In spite of living here for seven years, everyone still thinks I am a Californian. To be fair, I do as well. Therefore, when I had the opportunity to go “home” in June for an unexpected trip to see friends and family, I could not wait to get out of Hillsboro.
I got off the plane and smiled as I saw all of the amazing diversity. Then I quickly stepped up the pace as I acknowledged the frustration in the colorful faces and different languages, because I was not moving fast enough. It was Los Angeles, and people had places to go. I hurried off to the restroom where I waited in a long and inpatient line.
I struck up conversation with those waiting. Oops. Not in Kansas anymore! Most people acted as if I was about to mug them as they pulled their belongings closer and became more interested in their electronic devices.
One of my best friends picked me up at the curb. You just do that at LAX. Parking and going in to wait is more complicated than it is worth. There is too much traffic to plan to get there, find a spot and walk to the terminal in time. If you even manage to pull that all off, parking is extremely expensive. It’s just easier for everyone if you pull up, and grab your loved one while all the cars behind you honk at you to get out of the way. Hugs and hellos have to wait.
During my stay, I noticed even more differences. A friend and her husband struggle to put their two little boys through baseball recreational sports in their town in Southern California. Meanwhile, all four of my kids participate in multiple sports and activities for less cost than my Southern California friend has for just one sport for two kids. She has to drive her two boys to different locations in a large city, but all of our activities are within a mile of where I live so even if they can’t get a ride, they can walk or ride a bike. While my friend has no one to help her if there is a problem with a coach, parent, other player, or anything else, I can call Director Doug Sisk because he gave me his cell number.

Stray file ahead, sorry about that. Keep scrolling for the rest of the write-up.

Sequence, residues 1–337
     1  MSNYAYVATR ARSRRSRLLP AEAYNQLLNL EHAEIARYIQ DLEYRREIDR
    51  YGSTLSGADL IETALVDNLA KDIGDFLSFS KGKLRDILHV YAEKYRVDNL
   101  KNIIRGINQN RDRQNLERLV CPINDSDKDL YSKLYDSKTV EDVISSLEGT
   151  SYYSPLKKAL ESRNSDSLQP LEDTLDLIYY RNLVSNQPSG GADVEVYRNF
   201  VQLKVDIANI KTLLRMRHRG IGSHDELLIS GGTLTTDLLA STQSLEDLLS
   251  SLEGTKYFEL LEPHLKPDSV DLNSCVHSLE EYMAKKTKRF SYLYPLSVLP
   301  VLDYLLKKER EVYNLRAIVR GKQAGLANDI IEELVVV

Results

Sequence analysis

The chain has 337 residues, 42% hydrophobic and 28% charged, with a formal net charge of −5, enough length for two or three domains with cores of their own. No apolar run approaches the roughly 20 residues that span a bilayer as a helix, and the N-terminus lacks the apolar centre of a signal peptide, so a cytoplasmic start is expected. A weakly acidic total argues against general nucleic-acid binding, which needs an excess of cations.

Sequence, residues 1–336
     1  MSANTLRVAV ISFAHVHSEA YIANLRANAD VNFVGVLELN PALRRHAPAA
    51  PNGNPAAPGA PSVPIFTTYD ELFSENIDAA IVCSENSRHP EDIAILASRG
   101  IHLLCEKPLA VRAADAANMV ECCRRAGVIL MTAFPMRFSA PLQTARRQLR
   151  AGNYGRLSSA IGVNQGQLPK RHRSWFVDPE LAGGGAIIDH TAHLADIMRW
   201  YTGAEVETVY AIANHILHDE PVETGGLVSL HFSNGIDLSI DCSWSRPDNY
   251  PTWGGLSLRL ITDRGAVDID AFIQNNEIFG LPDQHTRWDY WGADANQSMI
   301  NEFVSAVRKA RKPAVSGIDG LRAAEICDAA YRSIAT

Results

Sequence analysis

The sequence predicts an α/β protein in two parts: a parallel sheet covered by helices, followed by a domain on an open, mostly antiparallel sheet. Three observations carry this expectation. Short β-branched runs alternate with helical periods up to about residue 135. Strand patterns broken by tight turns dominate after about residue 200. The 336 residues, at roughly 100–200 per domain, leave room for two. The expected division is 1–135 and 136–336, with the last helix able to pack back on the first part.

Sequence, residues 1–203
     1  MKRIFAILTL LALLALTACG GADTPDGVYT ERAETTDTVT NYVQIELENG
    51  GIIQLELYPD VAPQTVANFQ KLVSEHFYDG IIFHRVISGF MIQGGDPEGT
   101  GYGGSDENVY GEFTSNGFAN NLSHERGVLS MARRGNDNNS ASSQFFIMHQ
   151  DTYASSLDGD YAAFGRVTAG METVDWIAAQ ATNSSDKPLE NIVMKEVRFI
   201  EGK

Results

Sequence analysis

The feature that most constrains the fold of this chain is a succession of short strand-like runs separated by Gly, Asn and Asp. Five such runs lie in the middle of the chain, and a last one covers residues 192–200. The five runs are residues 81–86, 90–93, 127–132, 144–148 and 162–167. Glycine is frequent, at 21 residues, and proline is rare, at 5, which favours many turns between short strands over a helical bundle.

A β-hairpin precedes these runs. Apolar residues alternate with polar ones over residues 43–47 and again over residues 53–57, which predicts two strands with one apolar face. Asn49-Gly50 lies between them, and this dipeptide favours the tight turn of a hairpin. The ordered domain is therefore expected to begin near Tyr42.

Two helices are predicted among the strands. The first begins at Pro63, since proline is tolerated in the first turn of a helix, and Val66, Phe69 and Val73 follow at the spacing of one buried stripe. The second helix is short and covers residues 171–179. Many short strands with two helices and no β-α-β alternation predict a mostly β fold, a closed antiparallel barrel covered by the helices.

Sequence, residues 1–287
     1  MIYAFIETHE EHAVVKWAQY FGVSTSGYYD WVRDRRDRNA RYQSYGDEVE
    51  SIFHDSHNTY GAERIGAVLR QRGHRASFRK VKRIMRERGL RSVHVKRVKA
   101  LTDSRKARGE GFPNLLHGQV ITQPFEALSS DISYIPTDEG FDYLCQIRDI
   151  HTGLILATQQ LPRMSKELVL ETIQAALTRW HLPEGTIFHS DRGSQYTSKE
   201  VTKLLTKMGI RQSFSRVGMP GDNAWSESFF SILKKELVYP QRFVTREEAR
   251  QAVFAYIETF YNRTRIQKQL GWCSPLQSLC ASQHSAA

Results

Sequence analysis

We all know how different the housing markets are between here and the West Coast. I had never thought about the history of our homes. My friend knew a little since she had gotten her house in a short sale from a friend of a friend. But that is a rare exception out there.
When my family moved to Hillsboro, not only was my house referred to as the previous owner’s house for a good five years, I met people who had lived there over the years. I could actually give you a list of the tenants of that house. My favorite stories come from Glenn Goertz who grew up two houses down from there and knew the three sisters whose father built the 1910 home. Not only did he share many stories, he and his wife told us about secret compartments built into the house.
There were many aspects of my trip that I enjoyed. While there are people here who can’t be replaced, I found my heart filled there by people that I love. But I smiled big when I came out of the passenger only section at the Wichita airport and there stood a friend.
She had parked and come in because that is what friends from Hillsboro do. As we chatted the whole way home, I looked out the window and saw stars that I had not seen the whole time due to city lights.
I got hit by awful humidity as soon as we left the airport, but I also smelled green earth and dirt. It smelled pretty great. It even felt a little like home.